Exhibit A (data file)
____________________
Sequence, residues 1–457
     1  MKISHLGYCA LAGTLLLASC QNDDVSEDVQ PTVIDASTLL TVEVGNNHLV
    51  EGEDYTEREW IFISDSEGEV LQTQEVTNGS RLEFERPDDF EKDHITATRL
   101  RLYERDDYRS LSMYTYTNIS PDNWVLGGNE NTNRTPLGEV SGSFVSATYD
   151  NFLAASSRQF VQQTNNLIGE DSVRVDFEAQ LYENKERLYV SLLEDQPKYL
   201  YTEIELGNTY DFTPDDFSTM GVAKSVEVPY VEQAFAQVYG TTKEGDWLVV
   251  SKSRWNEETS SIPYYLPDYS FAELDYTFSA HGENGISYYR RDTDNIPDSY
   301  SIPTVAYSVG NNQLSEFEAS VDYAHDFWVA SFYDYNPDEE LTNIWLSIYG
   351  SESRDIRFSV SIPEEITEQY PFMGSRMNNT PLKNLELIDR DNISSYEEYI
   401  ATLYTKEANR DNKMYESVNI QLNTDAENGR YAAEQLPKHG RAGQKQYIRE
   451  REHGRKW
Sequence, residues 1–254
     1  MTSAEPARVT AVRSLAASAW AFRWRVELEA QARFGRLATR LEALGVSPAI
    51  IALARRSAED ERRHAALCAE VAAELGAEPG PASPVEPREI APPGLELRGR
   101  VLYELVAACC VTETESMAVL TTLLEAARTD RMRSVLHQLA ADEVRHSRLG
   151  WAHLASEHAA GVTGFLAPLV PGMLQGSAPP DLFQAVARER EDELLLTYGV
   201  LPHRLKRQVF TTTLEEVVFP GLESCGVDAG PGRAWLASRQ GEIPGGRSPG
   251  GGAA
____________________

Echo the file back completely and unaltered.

Sequence, residues 1–457
     1  MKISHLGYCA LAGTLLLASC QNDDVSEDVQ PTVIDASTLL TVEVGNNHLV
    51  EGEDYTEREW IFISDSEGEV LQTQEVTNGS RLEFERPDDF EKDHITATRL
   101  RLYERDDYRS LSMYTYTNIS PDNWVLGGNE NTNRTPLGEV SGSFVSATYD
   151  NFLAASSRQF VQQTNNLIGE DSVRVDFEAQ LYENKERLYV SLLEDQPKYL
   201  YTEIELGNTY DFTPDDFSTM GVAKSVEVPY VEQAFAQVYG TTKEGDWLVV
   251  SKSRWNEETS SIPYYLPDYS FAELDYTFSA HGENGISYYR RDTDNIPDSY
   301  SIPTVAYSVG NNQLSEFEAS VDYAHDFWVA SFYDYNPDEE LTNIWLSIYG
   351  SESRDIRFSV SIPEEITEQY PFMGSRMNNT PLKNLELIDR DNISSYEEYI
   401  ATLYTKEANR DNKMYESVNI QLNTDAENGR YAAEQLPKHG RAGQKQYIRE
   451  REHGRKW
Sequence, residues 1–254
     1  MTSAEPARVT AVRSLAASAW AFRWRVELEA QARFGRLATR LEALGVSPAI
    51  IALARRSAED ERRHAALCAE VAAELGAEPG PASPVEPREI APPGLELRGR
   101  VLYELVAACC VTETESMAVL TTLLEAARTD RMRSVLHQLA ADEVRHSRLG
   151  WAHLASEHAA GVTGFLAPLV PGMLQGSAPP DLFQAVARER EDELLLTYGV
   201  LPHRLKRQVF TTTLEEVVFP GLESCGVDAG PGRAWLASRQ GEIPGGRSPG
   251  GGAA